Rock of Ages is not a good movie, but it is bad in fascinating ways. It's a movie that comes achingly close to being a deliciously cheesy entertainment, but at nearly every point where a choice had to be made -- casting, writing, directing -- I found myself wincing as the wrong choice was made again.
There are a dozen short essays waiting to be written about
this movie. We could ask why Hollywood persists in casting musicals with movie stars who can sing a little instead of with singers (and when
we do get singers in this movie, they're not rock singers). We could
talk about the differences in performing styles between rock and musical
theatre, and how the clash between the two makes the successful "rock musical"
an impossible dream.
We could wonder whether it will ever again be possible to
watch a Tom Cruise performance without reading it as commentary on Cruise's own
persona/image. (Cruise actually gives the best performance in the movie,
a sly and witty take on a guy desperately clinging to his celebrity. And he
pulls off the singing, too; if he's auto-tuned, it's done well enough that it isn't
noticable.) Or we could snicker at the movie's insistence that 80s rock is
somehow more authentic, less a product of the music industry factory, than other
pop music of its era.
The story is paper-thin, centered on the bland coupling
of Diego Boneta and Julianne Hough, both trying to make it in LA as singers in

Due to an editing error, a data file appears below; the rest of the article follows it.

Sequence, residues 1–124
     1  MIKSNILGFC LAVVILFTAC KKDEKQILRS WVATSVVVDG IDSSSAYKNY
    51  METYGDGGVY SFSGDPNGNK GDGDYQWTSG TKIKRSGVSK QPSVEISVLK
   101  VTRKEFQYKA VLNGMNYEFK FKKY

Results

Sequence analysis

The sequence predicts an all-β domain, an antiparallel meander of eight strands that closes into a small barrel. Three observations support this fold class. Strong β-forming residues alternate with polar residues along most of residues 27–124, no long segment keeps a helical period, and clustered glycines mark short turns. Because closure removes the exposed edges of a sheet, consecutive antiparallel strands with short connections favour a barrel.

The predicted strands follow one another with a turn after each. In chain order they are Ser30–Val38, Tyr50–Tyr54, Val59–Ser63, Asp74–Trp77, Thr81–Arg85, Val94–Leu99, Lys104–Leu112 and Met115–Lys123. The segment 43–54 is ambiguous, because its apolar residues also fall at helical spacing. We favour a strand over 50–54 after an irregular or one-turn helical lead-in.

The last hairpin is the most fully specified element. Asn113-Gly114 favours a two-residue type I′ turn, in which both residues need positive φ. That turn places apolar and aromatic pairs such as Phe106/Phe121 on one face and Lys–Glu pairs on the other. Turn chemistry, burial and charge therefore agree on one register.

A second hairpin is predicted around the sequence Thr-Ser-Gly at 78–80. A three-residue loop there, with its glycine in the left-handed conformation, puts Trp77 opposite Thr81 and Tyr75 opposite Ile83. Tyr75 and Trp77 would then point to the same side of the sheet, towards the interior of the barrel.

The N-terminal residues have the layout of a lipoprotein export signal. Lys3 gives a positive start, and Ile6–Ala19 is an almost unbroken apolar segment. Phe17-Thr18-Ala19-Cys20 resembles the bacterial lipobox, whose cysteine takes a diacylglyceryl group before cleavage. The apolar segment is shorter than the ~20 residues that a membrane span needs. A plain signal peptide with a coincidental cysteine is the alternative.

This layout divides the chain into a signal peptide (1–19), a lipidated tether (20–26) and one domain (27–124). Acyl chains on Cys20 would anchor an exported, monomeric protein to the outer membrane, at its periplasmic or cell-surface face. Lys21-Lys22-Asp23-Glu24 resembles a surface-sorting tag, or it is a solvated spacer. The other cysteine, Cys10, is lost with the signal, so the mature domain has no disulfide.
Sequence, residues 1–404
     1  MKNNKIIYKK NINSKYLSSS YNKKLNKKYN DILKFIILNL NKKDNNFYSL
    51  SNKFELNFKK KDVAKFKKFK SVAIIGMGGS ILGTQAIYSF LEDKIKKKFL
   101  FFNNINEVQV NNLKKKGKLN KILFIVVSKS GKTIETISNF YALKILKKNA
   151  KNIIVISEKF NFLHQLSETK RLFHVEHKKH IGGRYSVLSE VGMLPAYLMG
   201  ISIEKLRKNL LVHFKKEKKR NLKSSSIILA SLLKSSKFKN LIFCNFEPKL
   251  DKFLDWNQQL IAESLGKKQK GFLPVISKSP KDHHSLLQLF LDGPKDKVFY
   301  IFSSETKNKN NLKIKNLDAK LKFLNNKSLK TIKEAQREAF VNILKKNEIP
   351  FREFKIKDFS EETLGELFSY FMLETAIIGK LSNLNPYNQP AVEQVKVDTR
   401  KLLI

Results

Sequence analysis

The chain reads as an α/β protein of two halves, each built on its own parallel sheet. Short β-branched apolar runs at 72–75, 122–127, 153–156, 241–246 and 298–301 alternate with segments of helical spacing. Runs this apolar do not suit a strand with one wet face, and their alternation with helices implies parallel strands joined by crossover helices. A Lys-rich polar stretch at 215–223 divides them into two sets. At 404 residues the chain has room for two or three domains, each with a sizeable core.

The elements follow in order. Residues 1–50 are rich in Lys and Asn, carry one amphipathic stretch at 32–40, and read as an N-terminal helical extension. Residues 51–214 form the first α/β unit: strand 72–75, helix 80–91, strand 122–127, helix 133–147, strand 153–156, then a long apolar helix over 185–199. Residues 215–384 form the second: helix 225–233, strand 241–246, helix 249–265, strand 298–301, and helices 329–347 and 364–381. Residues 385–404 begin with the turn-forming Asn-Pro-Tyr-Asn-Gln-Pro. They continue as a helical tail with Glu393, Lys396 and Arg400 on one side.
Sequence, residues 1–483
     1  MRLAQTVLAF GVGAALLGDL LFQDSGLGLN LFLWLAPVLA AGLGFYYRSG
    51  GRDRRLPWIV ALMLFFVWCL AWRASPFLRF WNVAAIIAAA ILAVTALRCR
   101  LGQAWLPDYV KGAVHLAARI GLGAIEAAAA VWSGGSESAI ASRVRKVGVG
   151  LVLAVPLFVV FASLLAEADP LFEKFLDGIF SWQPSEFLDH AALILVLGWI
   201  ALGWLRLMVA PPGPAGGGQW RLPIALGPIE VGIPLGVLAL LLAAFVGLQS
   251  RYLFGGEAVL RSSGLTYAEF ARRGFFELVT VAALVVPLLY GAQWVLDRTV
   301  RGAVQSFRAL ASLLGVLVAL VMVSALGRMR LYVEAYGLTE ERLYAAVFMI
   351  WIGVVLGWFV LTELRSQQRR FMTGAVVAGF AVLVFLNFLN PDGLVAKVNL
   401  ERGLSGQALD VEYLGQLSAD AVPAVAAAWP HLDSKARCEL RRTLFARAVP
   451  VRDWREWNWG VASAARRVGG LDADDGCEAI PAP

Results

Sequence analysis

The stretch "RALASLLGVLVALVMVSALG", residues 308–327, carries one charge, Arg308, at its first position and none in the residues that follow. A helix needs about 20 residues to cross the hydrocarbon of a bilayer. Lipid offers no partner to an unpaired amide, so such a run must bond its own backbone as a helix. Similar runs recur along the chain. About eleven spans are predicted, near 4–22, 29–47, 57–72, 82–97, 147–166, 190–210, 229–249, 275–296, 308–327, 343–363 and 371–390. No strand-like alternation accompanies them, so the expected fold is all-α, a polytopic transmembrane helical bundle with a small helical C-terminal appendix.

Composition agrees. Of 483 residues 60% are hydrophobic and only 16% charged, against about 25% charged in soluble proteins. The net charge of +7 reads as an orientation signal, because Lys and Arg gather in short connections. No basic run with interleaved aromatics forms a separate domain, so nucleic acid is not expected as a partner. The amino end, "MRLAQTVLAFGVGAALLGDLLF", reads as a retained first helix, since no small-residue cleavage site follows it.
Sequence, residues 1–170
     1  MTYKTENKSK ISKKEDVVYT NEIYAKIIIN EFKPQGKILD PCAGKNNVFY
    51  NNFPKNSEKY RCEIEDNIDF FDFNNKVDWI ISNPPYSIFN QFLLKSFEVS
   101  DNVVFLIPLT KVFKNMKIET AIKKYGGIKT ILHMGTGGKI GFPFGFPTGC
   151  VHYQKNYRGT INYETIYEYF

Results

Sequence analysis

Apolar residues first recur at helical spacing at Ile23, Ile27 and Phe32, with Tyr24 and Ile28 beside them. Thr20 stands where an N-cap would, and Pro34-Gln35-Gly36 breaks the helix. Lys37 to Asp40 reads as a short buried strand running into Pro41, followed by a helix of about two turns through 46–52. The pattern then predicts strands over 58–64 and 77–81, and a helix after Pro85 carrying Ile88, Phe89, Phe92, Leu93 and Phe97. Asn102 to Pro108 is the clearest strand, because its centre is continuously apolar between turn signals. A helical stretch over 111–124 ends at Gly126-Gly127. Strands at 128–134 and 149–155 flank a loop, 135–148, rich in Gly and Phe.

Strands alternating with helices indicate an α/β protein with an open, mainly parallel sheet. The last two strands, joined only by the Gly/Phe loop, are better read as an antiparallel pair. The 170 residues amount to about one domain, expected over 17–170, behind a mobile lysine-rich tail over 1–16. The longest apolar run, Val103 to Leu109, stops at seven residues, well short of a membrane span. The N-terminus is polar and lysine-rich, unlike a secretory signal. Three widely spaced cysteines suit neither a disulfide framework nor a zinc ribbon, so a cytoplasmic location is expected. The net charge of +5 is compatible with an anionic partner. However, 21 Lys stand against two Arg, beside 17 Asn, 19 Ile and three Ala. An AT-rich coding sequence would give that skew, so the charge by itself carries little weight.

1987, as the hair-metal era is coming to an end. (Hough's character is named
Sherrie Christian, so that we can get a performance of "Sister Christian;" "Oh
Sherrie" must have been cut from the film fairly late, because you
occasionally hear bits of it in the underscore.) They both work at the Bourbon
Room, a Sunset Strip club managed by Alec Baldwin and his assistant Russell
You've also got Malin Akerman as a Rolling Stone reporter (she gets
the "remove glasses, let down hair, my god you're beautiful!" moment), Mary J.
Blige as a good-hearted strip club manager, Catherine Zeta-Jones as an anti-rock
crusader, Paul Giamatti as a sleazy manager/agent, and of course, Cruise as
Stacee Jaxx, the biggest name in rock. None of them are asked to deliver any more than a one-note performance, and (with the exception of Cruise) that's all any of them give.
The music is a collection of 80s rock standards, but they're so badly chopped
up and mashed together that most of them don't survive, and they're sung by
people with no understanding of the proper vocal style. The simplest
performances have the most impact -- Zeta-Jones leading her army of church women in "Hit
Me With Your Best Shot" (which she sells convincingly, despite not even remotely being a rock singer), a not terribly well sung but spectacularly unexpected version of "Can't Fight This
Feeling" (about which saying more would be a cruel piece of spoilage).
The movie never quite works, but I'm glad to have seen it; I'll take an
interesting failure over run-of-the-mill dull any day.